Ride2School win for Tassie

After some intense lobbying by Bicycle Network and its allies, we have secured $100,000 in funding to continue Ride2School for another year.

The Premier, Will Hodgman, announced the funding today, Friday, March 17 -- National Ride2School Day -- at Clarendon Vale Primary School on Hobart’s Eastern Shore.

He also presented 12 bikes to the school on behalf of Bicycle Network.

Bicycle Network has been seeking funding since the pilot program ended in July 2016.

Mr Hodgman said his Government wanted to see Tasmania become the healthiest State in the nation and the Ride2School program directly supported this goal.  “Ride2School is a great campaign that encourages active and healthy school communities,” he said.

Since Ride2School was launched in 2015, many participating schools have reported an increase in the number of students being active.

“My Government is also a strong supporter of cycling safety initiatives with $5 million over four years to improve cycling safety on our roads,” he said.  “I commend Bicycle Tasmania for the Ride2School program and their role in encouraging Tasmanians to keep active.”

Bicycle network Chief Executive Officer Craig Richards was at Clarendon Vale to hear the good news.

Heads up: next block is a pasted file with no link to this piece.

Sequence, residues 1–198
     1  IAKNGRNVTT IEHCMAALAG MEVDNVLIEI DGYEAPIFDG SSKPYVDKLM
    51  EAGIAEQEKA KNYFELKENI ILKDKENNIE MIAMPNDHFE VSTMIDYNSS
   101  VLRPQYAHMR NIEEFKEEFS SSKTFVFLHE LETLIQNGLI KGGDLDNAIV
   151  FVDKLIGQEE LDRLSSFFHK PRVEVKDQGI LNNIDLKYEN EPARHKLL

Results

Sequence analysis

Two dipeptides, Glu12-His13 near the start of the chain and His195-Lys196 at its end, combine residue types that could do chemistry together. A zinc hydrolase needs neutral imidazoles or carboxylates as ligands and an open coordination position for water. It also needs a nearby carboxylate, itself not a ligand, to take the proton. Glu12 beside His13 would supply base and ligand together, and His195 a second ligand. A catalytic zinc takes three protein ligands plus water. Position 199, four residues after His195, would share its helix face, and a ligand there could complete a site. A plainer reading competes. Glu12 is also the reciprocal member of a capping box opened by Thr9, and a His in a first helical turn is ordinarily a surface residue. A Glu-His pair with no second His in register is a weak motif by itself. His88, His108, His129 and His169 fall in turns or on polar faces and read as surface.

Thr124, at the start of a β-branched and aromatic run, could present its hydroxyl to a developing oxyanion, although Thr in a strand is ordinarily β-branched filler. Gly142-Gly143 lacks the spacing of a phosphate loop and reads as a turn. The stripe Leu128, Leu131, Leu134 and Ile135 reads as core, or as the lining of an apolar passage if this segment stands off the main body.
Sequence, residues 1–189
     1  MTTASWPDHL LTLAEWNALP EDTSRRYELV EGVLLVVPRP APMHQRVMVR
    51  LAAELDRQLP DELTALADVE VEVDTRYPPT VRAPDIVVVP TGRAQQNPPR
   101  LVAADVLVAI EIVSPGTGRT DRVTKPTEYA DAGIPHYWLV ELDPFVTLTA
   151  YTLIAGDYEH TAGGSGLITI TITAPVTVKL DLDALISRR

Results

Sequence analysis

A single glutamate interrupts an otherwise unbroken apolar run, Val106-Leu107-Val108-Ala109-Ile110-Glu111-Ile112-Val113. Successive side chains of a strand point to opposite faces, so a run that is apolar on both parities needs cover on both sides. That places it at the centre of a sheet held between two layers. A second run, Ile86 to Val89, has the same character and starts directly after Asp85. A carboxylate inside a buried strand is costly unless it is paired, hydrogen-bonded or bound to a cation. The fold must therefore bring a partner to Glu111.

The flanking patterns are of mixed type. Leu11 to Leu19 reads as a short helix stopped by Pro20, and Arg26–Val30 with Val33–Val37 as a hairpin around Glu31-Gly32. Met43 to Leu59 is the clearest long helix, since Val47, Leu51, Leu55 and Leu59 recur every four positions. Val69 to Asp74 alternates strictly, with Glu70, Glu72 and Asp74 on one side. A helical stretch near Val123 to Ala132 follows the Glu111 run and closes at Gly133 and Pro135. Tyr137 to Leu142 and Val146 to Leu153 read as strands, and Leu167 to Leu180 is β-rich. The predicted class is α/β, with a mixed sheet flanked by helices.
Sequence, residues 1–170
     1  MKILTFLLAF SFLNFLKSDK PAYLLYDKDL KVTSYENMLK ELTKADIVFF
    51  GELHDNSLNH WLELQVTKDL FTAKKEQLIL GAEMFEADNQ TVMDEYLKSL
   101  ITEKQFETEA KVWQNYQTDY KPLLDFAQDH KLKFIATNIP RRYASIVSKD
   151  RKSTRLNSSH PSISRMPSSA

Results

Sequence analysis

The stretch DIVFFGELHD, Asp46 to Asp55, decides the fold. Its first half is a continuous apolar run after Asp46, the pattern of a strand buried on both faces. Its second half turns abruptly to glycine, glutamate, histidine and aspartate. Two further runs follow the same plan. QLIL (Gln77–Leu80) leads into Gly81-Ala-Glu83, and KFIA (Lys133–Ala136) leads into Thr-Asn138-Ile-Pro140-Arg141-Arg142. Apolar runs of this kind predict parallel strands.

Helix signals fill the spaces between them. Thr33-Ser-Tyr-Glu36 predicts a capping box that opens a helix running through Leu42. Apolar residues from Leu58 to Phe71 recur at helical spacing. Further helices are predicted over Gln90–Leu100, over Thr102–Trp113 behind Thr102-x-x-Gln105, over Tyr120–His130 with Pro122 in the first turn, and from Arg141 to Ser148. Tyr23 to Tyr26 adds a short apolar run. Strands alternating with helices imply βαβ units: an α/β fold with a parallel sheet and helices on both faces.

“Ride2School can now continue to play a pivotal role in ensuring the Government’s Healthy Tasmania Five-Year Strategy achieves its target of making Tasmania the healthiest state in the nation by 2025,” Mr Richards said.

“This program shows just what can be achieved with a whole-of-government approach. Ride2School delivers on road safety, health and wellbeing and education where it counts – in the early years where we can build good habits that are life-long.  This is a critical time for Tasmania in preventative health, and the Government has shown, with this funding support, that it recognises it will take community partnerships to achieve success.

“The National Health Survey of 2014-15 – the latest available data – shows an increase in the proportion of Tasmanian children who are overweight or obese, from 18.6 per cent in 2007-8 to 29.8 per cent in 2014-15.”

More than 3000 primary school students benefited from the Ride2School program in 2015-16.

“That number has continued to grow as we decided to continue with a pared-back program from July 2016,” Mr Richards said.  As a not-for-profit membership organisation our resources were limited without Government support,“ he said.  

“We could not have continued the momentum without the backing of the RACT over the past eight months.   “That partnership clearly recognises the road safety as well as the health and wellbeing benefits of Ride2School.”

 “We have also had the backing of the North Melbourne Football Club, with players recently supporting the program at three southern Tasmanian schools.”

Mr Richards said Infrastructure Minister Rene Hidding had rolled out significant cycling road safety initiatives and his support was critical in having the funding renewed.   “Our team in Tasmania will continue to work closely with the Minister to get maximum benefit from Ride2School in educating children about road safety,” he said.


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